On a recent outing across coastal Nassau County on Long Island on a rainy, windy, dreary day, Stella Miller and I spent several minutes watching a Great Egret Ardea alba with an odd foraging strategy at the Marine Nature Study Area in the town of Oceanside. As the bird slowly walked through the wind-whipped water, it angled its neck out from its body to its right. It also tilted its head so that one eye was looking almost straight down into the water while the other was looking almost straight up into the gray sky. When the egret struck (and the three times we saw it strike at prey it missed) it whipped its head to the left and plunged its head into the water almost directly in front of its body. The only reason we could come up with for the odd foraging strategy was that with the wind whipping the water it was the only way the egret could see its prey beneath the surface. Has anyone else out there seen such a strategy? And does anyone have any other idea as to why a Great Egret would forage in this way?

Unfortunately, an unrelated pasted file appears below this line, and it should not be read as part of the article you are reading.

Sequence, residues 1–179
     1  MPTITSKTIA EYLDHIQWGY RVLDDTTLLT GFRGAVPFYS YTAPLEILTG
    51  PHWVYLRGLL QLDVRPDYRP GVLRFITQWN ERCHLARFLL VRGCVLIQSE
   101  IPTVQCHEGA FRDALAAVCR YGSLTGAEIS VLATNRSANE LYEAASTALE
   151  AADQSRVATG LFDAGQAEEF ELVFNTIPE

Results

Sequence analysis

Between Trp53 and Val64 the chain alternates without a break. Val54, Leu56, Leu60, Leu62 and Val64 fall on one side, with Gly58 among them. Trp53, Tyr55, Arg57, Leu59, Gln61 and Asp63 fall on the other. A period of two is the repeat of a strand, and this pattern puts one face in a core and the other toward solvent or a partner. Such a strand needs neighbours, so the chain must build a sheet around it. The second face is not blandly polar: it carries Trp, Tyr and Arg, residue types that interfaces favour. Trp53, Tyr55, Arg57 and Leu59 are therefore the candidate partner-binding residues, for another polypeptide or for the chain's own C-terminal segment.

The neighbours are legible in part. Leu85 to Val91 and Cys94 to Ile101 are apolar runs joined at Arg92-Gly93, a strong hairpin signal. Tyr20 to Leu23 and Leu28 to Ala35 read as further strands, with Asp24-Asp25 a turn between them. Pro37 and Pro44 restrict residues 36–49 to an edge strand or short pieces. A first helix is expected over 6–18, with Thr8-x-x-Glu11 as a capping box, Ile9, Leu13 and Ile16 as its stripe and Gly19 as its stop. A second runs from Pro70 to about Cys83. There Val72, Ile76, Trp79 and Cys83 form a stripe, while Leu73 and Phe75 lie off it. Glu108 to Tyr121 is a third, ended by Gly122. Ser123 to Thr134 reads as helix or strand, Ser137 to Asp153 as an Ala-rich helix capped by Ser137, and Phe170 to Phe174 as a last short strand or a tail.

In case my words failed to illustrate exactly what I am talking about, the first image below shows how the bird was walking along prior to striking (the other two images are there because, well, I like sharing egret pictures).
This post has been submitted to Bird Photography Weekly # 111. Go check it out!